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Apr 19, 2014







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It’s pizza from Portland
Former Merrimack Restaurant spot gets new life




By Madeleine Staub
The Portland Pie Company takes pizza very seriously.

The Maine-based company recently opened a pizzeria in the former home of the famed Merrimack Restaurant in downtown Manchester.

“If there is any type of food that tastes good… we can make it on a pizza,” said Chief Operations Officer Joe O’Neil. The Red Claws Pie, made with real lobster meat, and the Bar Harbor, a pie made with scallops, bacon and alfredo sauce, reflects the company’s Portland roots. “A lot of people come in and say they’ve never tried seafood on a pizza but this is delicious,” O’Neil said. The restaurant offers each of its pizzas on four different kinds of dough: basil, beer, garlic and wheat. The beer dough is made with Maine microbrews and adds a dimension of texture to the pizza. Pizzas are also offered in a gluten-free option, which includes vegan cheeses.

Their four doughs are sold at Hannaford grocery stores and can also be purchased at the restaurant. The restaurant will also prepare “take and bake” pizzas for customers that are par baked and topped so customers can bake them at home.

The restaurant offers a variety of salads, sandwiches and freshly prepared soups. The Eagle Ridge, a sandwich with Montreal seasoned steak, mushrooms, peppers, onions and American cheese, is one of the most popular menu items.

There are more than 70 menu items available. A seasonal menu is offered with new items, and the most successful of these are transitioned onto the regular menu. When the company adds items to the menu, less popular ones are edited out — “We have to decide what’s really not holding its own,” O’Neil said. When a pie is retired, it goes to the “Pie Graveyard,” but even some of these pies rise from the dead on occasion due to what O’Neil calls a “cult following.” Cooks are trained to make items that aren’t on the menu anymore if people are still asking for them.

Of the 10 beers available, six are from Maine microbreweries, including four Shipyard beers and Geary’s HSA. The restaurant also features a variety of wines, which the company tries to keep affordable. They use a nitrogen gas wine cooler designed to preserve wines after they have been opened, which allows the restaurant to offer wine by the glass inexpensively. The company offers beer or wine flights, each comprising four small glasses of different varieties of beer or wine. Currently on offer is a pinot noir flight, and the flights will be rotating through white wines as the summer progresses. They owners are working on getting the necessary licenses to serve mead from a Maine company that uses local ingredients.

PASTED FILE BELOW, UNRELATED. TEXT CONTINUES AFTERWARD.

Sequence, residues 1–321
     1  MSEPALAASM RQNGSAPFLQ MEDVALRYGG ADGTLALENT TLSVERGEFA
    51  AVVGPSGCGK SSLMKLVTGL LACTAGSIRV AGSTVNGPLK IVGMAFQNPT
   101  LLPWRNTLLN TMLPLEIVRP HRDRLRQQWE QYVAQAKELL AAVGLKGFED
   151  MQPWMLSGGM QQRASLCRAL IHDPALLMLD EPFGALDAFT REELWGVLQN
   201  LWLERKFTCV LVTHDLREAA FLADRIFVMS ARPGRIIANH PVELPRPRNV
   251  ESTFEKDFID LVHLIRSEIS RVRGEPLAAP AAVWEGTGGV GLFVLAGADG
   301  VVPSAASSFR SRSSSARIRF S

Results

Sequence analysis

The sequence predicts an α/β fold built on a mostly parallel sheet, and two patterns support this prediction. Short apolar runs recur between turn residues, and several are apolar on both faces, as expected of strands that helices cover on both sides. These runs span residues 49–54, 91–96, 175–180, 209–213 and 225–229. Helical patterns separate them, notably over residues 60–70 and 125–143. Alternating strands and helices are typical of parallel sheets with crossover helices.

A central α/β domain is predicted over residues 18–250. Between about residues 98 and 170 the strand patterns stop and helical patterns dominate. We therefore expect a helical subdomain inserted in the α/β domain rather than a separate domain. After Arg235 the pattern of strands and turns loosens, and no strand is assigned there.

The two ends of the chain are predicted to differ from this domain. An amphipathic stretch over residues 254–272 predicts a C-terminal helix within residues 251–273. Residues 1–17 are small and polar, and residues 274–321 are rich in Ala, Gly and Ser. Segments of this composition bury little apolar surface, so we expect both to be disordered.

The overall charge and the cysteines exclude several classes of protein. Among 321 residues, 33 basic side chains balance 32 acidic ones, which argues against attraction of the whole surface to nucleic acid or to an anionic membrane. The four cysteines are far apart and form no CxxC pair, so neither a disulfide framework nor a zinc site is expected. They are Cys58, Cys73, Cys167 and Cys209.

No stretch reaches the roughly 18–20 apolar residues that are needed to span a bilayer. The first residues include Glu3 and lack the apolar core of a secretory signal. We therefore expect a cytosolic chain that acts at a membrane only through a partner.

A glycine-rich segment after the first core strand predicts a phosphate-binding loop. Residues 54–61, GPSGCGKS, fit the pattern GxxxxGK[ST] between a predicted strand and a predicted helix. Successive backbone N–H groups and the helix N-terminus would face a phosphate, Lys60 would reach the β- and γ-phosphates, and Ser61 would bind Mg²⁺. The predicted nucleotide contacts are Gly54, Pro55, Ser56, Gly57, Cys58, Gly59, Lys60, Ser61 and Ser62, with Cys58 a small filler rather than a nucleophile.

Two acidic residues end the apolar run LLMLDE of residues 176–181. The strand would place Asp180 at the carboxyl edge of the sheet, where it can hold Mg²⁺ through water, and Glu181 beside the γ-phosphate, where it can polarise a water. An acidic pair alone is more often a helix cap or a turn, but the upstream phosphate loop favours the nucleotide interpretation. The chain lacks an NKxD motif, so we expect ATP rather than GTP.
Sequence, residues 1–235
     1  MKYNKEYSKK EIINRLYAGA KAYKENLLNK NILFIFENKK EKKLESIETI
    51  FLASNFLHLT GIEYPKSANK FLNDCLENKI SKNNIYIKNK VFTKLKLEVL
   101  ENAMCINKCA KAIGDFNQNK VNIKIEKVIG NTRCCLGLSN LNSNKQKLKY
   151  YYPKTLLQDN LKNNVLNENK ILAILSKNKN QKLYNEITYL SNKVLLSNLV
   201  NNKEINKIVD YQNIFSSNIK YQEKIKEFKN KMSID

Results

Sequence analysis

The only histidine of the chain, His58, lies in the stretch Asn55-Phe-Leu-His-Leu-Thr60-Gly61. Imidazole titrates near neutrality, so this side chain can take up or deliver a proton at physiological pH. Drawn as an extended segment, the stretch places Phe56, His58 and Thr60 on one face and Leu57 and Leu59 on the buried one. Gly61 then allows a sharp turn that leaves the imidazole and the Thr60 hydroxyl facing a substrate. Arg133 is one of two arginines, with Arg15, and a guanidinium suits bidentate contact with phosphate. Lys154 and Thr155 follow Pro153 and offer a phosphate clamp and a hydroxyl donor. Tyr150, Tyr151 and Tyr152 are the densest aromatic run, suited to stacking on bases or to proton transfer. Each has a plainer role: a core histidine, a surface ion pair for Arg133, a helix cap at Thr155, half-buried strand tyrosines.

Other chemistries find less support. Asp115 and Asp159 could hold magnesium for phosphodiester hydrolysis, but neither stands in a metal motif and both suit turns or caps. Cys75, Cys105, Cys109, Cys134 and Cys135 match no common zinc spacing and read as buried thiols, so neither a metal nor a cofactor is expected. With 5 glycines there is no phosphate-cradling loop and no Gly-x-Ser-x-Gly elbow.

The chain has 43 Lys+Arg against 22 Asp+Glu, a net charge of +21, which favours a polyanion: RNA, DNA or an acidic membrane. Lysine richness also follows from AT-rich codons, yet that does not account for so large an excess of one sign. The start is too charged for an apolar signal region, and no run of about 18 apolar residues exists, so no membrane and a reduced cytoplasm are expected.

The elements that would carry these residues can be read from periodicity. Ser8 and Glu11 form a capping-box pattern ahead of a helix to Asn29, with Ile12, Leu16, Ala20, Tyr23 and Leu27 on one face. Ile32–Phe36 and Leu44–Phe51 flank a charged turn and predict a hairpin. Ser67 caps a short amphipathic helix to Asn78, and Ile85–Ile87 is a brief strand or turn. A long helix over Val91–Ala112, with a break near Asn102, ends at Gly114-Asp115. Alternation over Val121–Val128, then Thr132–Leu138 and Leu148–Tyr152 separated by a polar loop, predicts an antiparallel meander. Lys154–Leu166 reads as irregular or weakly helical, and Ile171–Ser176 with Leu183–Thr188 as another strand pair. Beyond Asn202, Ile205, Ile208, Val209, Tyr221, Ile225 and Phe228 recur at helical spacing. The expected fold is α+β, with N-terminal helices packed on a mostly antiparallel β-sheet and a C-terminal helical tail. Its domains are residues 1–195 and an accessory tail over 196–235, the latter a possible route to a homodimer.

The Portland Pie Company will deliver west to Saint Anselm College, east to the border of Auburn, south to the airport and north to Southern New Hampshire University.

Owners Nat Getchell and Steve Freese grew up in Maine and were college roommates at Thomas College in Waterville. They both went on to work for Shipyard Beer, but were interested in trying something new.

“They wanted to try something and start something of their own,” O’Neil said. Thirteen years ago they started the first Portland Pie Company in Portland, Maine, because they thought the area was lacking good pizza options. The original Portland location was a pickup and delivery service, which received a positive reception from Portland residents. After about eight years, they decided to begin opening full-service locations in Portland, Scarborough and Westbrook.

“We wanted an opportunity to brand the product face to face,” O’Neil said.

The company’s strategy in Portland was to become popular in the city and then fan out to surrounding towns. They wanted to enter a second market, and “Manchester just seemed to be the best fit,” O’Neil said. If the downtown location is successful, the owners hope to expand to towns around Manchester.

The availability of this particular location also played a key role in their decision to move to Manchester. They were drawn to the Merrimack Restaurant’s history as a community meeting place and a magnet for political figures and reporters during primary season. The Portland Pie Company has already hosted Manchester Mayor Ted Gatsas and former New York City mayor Rudy Giuliani, and O’Neil said, “We intend to carry on the tradition as much as the city allows. We’re looking forward to going into the primary season and off-year elections.”

They’ve brought in a few managers and staff members from the Maine locations for the first few months and have hired 50 local residents — “All 50 individuals are absolutely fantastic people,” O’Neil said. General Manager John Flebotte lived and worked in Maine for a few months before the opening so that he could better understand the inner workings and day-to-day operations of a Portland Pie Company location.






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